As we have seen, inspiration and integration are two necessary and complementary requirements of education. Inspiration initiates the learning process by arousing a passionate desire to grow and change, while integration forces one to incorporate one's will-to-good into each encounter of daily life. Teaching can thus be described as the process of stimulating will, with learning as the process of assimilating it.
Each of these two main categories–inspiration and integration–can be broken down into three intermediate stages which reflect the process of spiritual growth as outlined by the Ba'al Shem Tov, the 18th century founder of the Hassidic movement.
The Ba'al Shem Tov taught that any process of spiritual growth–and, in fact, the in-depth experience of any facet of reality–must entail a threefold series of developmental changes, summarized by the three words:
"Submission" is the humbling of the ego that is an essential element of any honest appraisal of reality and our relation to it. Unless we neutralize the ego somehow, it will be sure to interpose its own interests between our higher self and our attempts at growth and change.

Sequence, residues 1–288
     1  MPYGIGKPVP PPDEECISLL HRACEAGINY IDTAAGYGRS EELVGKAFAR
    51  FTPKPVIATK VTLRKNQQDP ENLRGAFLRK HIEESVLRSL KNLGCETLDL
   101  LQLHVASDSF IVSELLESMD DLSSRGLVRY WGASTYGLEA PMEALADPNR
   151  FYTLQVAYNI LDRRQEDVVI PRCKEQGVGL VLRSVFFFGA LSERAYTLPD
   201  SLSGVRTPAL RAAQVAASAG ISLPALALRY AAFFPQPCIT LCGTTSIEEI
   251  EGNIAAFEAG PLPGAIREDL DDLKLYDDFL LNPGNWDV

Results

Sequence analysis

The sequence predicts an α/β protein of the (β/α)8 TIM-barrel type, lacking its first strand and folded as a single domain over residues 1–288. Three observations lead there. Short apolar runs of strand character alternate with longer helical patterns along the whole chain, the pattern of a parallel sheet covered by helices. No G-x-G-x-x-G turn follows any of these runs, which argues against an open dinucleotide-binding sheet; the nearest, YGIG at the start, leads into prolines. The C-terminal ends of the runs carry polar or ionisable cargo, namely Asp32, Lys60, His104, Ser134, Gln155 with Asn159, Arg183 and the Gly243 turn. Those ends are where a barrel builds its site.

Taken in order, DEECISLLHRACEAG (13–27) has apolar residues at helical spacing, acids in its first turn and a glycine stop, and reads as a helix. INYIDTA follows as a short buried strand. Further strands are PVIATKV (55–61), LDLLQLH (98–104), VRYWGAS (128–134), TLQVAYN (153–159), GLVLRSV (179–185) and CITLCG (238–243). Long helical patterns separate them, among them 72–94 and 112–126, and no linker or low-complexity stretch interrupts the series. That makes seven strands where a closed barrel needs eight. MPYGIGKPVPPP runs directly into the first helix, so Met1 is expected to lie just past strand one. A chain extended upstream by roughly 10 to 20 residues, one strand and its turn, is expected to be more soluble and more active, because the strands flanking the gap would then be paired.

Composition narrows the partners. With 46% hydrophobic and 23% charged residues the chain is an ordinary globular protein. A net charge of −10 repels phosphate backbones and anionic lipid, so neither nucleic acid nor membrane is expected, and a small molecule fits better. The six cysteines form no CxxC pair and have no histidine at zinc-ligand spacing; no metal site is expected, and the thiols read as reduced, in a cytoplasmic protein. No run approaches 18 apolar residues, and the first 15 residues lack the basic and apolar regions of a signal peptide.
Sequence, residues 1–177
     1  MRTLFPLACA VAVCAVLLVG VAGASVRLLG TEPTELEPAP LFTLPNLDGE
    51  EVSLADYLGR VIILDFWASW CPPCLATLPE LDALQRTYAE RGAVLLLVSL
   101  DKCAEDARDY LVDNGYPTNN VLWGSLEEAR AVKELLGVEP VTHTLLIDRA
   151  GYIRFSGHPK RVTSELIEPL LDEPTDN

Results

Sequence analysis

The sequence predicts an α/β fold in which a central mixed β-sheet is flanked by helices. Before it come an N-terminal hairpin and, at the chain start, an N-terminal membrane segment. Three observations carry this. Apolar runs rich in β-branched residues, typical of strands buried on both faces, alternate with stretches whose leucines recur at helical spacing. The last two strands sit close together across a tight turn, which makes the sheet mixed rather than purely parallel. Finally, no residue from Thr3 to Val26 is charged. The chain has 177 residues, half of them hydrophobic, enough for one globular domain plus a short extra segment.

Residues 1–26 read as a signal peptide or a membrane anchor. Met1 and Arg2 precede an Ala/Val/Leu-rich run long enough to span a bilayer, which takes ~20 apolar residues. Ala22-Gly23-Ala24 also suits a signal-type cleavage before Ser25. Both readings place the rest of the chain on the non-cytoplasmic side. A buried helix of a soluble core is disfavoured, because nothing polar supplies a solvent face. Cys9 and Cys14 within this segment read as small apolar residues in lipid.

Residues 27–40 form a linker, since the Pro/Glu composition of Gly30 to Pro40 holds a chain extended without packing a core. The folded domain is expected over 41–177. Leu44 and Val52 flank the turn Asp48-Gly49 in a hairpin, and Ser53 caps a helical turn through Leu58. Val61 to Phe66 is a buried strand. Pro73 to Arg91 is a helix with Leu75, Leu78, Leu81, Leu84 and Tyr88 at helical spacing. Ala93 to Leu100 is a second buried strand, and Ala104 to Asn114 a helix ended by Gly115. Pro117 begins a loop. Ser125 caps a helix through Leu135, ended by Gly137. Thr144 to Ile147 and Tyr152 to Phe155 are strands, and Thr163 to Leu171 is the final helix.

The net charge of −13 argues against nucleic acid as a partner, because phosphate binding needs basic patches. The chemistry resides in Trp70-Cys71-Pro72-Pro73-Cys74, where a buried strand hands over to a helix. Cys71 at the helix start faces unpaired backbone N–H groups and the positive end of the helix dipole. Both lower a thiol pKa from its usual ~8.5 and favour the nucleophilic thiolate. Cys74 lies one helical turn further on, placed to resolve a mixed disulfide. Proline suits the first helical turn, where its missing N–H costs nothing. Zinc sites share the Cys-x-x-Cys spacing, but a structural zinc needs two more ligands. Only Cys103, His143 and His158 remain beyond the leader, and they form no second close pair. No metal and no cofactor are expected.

"Separation" is the process by which we identify the positive/good and negative/evil elements of reality, align ourselves with the good and disassociate from the evil. Clearly, we cannot hope to accomplish this stage without having first gone through the preceding one of eliminating the deceptive self-image derived from the ego. When we isolate the good from the evil, the light from the darkness, the good begins to shine.
Once we have clearly identified the bad and separated ourselves from it, we can proceed to "sweeten" it. At this stage, we can return to evaluate the bad itself in the positive light of the good that had been intermixed together with it. Our reinforced good allows us to objectively relate to the bad in order to "sweeten" it.
In the following chapters, we will see how these three stages of spiritual growth interface with the education process.